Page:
After having already backed Armenia with military escalations, Russian President Vladimir Putin has called upon Iran to befuddle Turkey. Turkey’s ambitions to play a major role in the ceasefire negotiations have irked a lot of regional powers. Incidentally with Iran’s involvement, Turkey finds itself in a precarious position of deciding to either face Russia on the battlefield or give up its ambitions.
Russia is considering an Iranian proposal for ending the conflict between Azerbaijan and Armenia for the Nagorno Karabagh region which is already in its 6th week and shows no signs of de-escalation. Russia has roped in Iran to counter Turkey’s role and ultimately its ambitions in the region. Moreover, Iran’s leading role in the peace talks and Moscow’s unilateral support to Armenia has trapped Turkey, and now it has a decision to make.
Russia’s foreign minister Andrei Rudenko in a statement confirmed Iran’s proposal and said: “We’re carefully looking at it”.
Read more: If the Nagorno-Karabakh conflict spreads to Armenian Border, Russia will take necessary steps
Iran shares Moscow’s vision for peace in the region but does not give credibility to the Minsk Group, which includes the United States, Russia, and France and thus has proposed a leading role to end the conflict. Iran’s proposal was made by deputy Foreign minister Abbas Abaqchi during a visit to Moscow last week and outlined that it does not wish to propose a ceasefire but to settle the conflict within a framework which becomes effective when both sides undertake to remain committed to a series of principles and remain in effect as more measures are adopted, including the withdrawal of occupying forces of all occupied areas.
Iran’s initiative is driven by strong security considerations. The last thing Iran wants is a spillover of the conflict. Iran enjoys friendly relations with Armenia, Azerbaijan, and Georgia, and has economic cooperation with them, especially in energy, that could get disrupted if the conflict continues.
Iran’s preference all along has been for a regional initiative and a regional solution, which is, of course, a principle Iran has consistently upheld over the years.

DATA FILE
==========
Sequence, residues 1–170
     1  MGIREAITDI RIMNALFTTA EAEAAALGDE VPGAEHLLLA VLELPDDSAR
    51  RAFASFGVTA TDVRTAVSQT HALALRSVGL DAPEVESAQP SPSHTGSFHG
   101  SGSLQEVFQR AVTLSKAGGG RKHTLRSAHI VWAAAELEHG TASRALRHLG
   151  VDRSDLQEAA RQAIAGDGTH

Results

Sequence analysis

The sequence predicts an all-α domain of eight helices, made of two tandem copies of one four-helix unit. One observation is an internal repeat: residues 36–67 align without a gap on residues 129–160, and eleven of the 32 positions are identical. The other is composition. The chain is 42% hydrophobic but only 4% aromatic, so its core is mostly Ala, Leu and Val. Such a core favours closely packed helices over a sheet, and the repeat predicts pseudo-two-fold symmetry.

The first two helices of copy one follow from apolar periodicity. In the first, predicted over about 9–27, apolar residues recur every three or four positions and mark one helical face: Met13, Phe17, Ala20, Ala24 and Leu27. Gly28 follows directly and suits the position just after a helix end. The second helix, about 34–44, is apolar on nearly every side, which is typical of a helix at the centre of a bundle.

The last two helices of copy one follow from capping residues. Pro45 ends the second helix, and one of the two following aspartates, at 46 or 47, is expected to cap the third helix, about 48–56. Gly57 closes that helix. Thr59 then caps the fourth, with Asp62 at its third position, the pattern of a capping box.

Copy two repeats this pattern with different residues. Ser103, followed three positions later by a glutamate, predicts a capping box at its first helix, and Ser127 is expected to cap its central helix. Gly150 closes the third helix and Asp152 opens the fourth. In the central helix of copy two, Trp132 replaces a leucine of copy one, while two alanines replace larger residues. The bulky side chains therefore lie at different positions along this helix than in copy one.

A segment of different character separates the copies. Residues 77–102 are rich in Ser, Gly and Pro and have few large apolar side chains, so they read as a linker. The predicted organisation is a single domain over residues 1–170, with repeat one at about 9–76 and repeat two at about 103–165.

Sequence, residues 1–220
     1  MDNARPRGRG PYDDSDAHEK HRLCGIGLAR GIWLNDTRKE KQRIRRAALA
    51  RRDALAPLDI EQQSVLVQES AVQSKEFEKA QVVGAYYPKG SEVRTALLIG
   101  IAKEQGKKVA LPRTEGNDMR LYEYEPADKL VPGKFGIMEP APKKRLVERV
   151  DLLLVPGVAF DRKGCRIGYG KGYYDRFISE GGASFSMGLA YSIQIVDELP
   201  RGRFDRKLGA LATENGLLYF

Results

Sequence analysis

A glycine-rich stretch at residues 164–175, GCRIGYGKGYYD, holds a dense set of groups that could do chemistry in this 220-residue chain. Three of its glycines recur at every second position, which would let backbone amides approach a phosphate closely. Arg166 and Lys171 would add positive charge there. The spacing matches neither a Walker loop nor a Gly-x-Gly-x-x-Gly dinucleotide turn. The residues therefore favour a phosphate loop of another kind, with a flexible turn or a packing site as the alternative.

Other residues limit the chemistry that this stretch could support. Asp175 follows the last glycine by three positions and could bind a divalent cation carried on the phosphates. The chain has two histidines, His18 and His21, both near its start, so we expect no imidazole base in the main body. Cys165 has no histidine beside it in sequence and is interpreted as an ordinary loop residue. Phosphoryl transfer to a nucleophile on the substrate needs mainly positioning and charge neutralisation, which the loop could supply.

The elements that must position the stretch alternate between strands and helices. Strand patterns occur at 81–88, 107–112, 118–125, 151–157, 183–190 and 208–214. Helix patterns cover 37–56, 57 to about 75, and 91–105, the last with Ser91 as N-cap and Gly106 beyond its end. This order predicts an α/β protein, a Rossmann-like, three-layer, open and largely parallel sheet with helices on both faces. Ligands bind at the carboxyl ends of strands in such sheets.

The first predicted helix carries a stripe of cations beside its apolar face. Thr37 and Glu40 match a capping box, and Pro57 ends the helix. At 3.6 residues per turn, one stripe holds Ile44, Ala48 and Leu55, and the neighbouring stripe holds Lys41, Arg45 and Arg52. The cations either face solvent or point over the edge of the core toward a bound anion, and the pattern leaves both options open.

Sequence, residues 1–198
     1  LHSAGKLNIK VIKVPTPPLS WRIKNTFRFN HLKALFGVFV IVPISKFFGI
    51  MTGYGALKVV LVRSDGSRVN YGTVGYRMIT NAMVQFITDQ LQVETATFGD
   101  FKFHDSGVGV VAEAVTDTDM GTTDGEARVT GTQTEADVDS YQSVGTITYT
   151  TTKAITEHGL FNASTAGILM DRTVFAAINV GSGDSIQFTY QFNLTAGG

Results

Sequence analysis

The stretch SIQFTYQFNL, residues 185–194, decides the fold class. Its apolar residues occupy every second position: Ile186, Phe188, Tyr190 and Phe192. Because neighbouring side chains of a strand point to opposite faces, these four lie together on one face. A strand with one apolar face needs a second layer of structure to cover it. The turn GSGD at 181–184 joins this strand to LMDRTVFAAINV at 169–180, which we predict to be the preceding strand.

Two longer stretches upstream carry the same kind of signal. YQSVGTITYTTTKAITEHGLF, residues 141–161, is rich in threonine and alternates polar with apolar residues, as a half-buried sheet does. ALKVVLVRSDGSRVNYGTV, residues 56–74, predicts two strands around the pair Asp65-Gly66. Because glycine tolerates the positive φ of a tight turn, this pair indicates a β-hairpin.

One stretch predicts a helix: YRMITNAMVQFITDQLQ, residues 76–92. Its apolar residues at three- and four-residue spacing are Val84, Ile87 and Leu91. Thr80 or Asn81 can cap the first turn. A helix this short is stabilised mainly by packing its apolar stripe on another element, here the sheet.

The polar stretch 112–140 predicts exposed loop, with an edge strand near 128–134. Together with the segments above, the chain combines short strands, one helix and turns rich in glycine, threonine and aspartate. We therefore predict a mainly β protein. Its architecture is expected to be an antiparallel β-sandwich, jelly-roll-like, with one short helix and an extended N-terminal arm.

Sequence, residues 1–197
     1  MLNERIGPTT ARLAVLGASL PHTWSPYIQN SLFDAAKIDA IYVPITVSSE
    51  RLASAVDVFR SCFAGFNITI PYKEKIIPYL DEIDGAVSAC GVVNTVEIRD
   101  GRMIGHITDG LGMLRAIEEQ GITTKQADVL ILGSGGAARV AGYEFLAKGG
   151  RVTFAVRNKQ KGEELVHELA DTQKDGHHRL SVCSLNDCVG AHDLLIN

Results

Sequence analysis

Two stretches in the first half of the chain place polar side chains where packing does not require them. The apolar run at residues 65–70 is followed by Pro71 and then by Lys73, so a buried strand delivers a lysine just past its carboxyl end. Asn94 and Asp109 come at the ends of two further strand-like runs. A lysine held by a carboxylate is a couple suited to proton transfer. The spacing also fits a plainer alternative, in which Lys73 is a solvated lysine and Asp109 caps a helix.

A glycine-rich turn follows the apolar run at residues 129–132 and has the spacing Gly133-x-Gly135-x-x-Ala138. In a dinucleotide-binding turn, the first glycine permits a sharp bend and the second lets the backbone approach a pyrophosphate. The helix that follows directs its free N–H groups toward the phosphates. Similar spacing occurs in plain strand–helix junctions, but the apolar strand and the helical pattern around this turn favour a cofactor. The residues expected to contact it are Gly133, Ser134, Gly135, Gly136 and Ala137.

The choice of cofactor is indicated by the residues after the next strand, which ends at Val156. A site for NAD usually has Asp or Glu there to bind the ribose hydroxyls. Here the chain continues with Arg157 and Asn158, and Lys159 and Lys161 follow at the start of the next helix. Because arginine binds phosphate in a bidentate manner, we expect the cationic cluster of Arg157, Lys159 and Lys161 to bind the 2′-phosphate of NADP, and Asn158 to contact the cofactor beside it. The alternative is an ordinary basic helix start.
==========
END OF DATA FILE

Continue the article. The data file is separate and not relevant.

Iran and Russia both understand that a ceasefire can only be a temporary patch-up and the core issues must be addressed, including Turkey’s role in providing resources to Azerbaijan to keep the conflict ongoing.
With Iran’s arrival as a leading peacemaker, Turkey finds itself with an unhealthy prospect of either giving up on its ambitions for expansion of its regional influence or face the wrath of the Russian military on the battleground.
Erdogan’s push for a greater role on the negotiation table has already extended the conflict by weeks and broken through three ceasefire negotiations.
Now with Iran involved, Russia hopes that Erdogan will find reason in a peaceful dissolution of the conflict without pushing further its agenda of regional dominance.
In a conflict that has already claimed more than a thousand civilian lives, it is of utmost importance to find a solution as soon as possible. By involving Iran, Putin has sped up the process of finding a solution.
Moreover, the odds in any diplomatic or military standoff are against Turkey. With Russia and Iran recognizing Turkey’s involvement in arming up Azerbaijan and sending terrorists to fight in the war, The United States has also condemned Turkey’s involvement. Moreover, an armed struggle directly against Russia is a situation Erdogan would want to avoid at all costs.
Besides, Tehran also shares Moscow’s concern regarding the presence of terrorist elements in the region. Therefore turkey’s involvement in providing terrorist fighters from Syria to Azerbaijan will also be deeply criticized if the conflict fails to reach an end.
Erdogan’s ambitions of a rising Caliphate pushed Turkey to feed resources into Azerbaijan but now it finds itself surrounded diplomatically and, militarily. Putin’s move to involve Iran has certainly dismantled Turkey’s hopes of gaining influence in the region. Erdogan is now faced with a daunting task to deescalate the conflict or face Russia as the war inches towards the Armenian border. Both options will severely impact Turkey’s status and influence in the region and it does not have a way out.
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